The state of Alabama courts operate within a unified system, which is broken up into three levels of jurisdiction.

Limited Jurisdiction

The first level of courts in the state is the courts of limited jurisdiction. This includes municipal, district and probate courts. There are 415 limited jurisdiction courts throughout the state, with more than 480 judges. There are courts of limited jurisdiction in all 67 of Alabama’s counties.

  • Municipal Courts have jurisdiction over a municipality and involve offenses such as traffic violations or misdemeanor crimes that take place within a city’s police jurisdiction. Cities are in charge of establishing these courts.
  • District Courts hear misdemeanor offenses outside of city police jurisdiction and hold preliminary hearings for some felony cases. District courts also handle civil cases when the monetary amount in question is between $3,000 and $10,000.
  • Probate Courts hear matters such as wills, estates, property, mental competency, and adoption.
  • Administrative Courts and Board preside over civil litigation where an administrative agency makes findings regarding specified matters, including employment disagreements, government benefits, and other specialized areas.

General Jurisdiction

Circuit Courts form the second level of courts in Alabama and are courts of general jurisdiction. There are 41 circuit courts and 146 circuit judges. Circuit courts have jurisdiction over all felony criminal, have discretion to hear civil cases with amounts in question above $3,000, and have exclusive jurisdiction when the amount is more than $10,000. Cases of limited jurisdiction are typically appealed to the circuit courts.

  • District Attorneys – There are 42 district attorneys serving the state of Alabama. These elected officials are the chief prosecutors for their respective judicial circuits. Their main job function is to ensure that suspected criminals be tried and sentenced appropriately. Each judicial circuit has one elected district attorney except for the 10th (Jefferson County), which has two. District attorneys seek to ensure the law is enforced in the courtroom. District attorneys work hard each and every day to keep our state safer by ensuring the law is enforced in the courtroom.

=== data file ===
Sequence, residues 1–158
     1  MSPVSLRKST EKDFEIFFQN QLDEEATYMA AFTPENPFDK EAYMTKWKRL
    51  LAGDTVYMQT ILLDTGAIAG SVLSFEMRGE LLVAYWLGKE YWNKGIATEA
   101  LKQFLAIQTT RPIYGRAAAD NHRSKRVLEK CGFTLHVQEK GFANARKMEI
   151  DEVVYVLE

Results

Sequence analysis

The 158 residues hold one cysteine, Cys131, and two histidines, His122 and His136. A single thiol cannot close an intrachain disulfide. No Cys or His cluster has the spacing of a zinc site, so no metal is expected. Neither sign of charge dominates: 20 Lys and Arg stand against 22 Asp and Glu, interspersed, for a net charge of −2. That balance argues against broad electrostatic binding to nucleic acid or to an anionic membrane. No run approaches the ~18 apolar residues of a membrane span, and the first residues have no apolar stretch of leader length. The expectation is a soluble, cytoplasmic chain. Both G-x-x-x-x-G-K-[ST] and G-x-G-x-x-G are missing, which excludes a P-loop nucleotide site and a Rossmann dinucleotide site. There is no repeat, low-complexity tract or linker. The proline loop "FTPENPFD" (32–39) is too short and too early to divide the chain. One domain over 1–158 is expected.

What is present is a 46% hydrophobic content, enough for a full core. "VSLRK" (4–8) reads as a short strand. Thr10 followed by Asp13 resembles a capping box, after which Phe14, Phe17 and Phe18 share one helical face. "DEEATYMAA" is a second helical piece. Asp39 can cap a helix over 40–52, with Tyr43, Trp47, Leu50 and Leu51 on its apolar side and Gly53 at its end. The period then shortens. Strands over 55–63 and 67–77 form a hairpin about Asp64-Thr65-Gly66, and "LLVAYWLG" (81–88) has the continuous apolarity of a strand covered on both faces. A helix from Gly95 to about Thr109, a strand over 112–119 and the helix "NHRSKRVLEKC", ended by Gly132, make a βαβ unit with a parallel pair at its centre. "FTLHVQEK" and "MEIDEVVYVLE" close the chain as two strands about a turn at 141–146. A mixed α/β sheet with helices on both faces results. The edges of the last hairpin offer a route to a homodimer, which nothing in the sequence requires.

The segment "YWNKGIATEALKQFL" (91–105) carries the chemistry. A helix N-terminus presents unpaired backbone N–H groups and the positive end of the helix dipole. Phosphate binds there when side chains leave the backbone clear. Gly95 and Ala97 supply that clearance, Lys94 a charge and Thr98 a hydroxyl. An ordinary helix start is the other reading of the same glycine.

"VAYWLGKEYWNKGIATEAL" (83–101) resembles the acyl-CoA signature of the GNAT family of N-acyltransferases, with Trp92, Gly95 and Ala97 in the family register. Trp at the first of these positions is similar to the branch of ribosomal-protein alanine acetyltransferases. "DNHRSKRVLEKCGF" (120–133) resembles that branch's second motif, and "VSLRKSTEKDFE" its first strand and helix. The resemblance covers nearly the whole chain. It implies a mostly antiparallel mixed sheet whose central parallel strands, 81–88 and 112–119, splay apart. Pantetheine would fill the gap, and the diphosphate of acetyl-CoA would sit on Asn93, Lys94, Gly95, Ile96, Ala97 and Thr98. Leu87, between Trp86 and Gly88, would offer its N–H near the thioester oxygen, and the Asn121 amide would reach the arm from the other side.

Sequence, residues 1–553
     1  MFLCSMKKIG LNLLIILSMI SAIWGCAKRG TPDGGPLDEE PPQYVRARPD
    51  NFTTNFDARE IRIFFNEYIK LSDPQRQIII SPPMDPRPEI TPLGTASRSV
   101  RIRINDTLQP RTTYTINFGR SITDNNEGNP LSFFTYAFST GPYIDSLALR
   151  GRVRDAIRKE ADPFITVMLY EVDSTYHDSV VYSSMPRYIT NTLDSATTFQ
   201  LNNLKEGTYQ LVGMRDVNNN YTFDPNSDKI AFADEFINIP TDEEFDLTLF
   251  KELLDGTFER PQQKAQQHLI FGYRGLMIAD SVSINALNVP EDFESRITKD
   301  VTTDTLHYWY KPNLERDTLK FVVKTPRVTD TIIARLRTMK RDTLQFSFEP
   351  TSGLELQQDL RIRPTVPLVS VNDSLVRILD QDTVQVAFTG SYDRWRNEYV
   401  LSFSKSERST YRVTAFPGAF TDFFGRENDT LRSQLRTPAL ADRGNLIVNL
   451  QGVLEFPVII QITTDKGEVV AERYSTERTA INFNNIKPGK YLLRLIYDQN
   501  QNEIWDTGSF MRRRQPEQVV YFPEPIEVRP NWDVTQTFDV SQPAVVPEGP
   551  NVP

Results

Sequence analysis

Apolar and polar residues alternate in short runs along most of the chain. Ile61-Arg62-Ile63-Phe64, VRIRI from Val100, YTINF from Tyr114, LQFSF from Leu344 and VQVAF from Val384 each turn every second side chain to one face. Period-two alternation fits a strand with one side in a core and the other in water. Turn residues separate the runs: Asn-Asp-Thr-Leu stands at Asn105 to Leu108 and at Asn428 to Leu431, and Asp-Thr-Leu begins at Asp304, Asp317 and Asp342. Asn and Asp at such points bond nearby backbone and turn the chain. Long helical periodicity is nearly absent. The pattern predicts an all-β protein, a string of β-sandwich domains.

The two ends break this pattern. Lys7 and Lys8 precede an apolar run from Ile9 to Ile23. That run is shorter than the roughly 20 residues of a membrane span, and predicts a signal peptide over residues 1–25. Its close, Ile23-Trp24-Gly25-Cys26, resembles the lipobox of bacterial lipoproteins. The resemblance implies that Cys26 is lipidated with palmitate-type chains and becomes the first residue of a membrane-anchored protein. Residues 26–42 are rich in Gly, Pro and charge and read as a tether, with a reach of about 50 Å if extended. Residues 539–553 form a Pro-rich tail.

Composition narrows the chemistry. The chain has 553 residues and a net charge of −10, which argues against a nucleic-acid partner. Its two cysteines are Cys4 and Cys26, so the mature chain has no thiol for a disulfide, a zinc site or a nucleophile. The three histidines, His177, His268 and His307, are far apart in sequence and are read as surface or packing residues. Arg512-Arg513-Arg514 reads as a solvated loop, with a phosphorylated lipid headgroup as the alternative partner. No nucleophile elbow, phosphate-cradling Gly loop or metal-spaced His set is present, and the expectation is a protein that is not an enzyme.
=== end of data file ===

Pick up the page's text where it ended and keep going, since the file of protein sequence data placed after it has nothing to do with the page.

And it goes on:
Appellate Jurisdiction

The third and final level of courts is those of appellate jurisdiction. There are three state courts at this level, the Court of Civil Appeals, the Court of Criminal Appeals and the Supreme Court of Alabama. Courts of appellate jurisdiction typically review legal matters in search of errors made by the lower-level courts. All three of these courts are located in the Heflin-Torbert Judicial Building in Montgomery.

  • The Court of Civil Appeals –Five judges preside over this court, which has jurisdiction in appeals from civil cases where the amount of money in controversy is $50,000 or less. The court also reviews some cases related to domestic relations and workers’ compensation.
  • The Court of Criminal Appeals – This court has five judges and considers all appeals from felony or misdemeanor trials and convictions. Appeals from municipal courts can also occasionally be heard in this court.
  • The Supreme Court of Alabama – Nine justices preside over this court, which is the highest in the state of Alabama. The court has the authority to review any decisions reached by Alabama’s lower courts. Any civil matters where the monetary amount in question is more than $50,000 are reviewed by this court. Administrative authority over the Alabama judicial system is held by the Chief Justice of the court.


Federal Courts and Agencies

The federal legal system is parallel and distinct from the state system. The federal courts hear federal cases, while the state courts hear state cases. There are often interactions and overlaps, but the two systems are distinct and sovereign. Typically, federal prosecutions deal with cases investigated by federal law enforcement. State prosecutions are traditionally investigated by state and local law enforcement.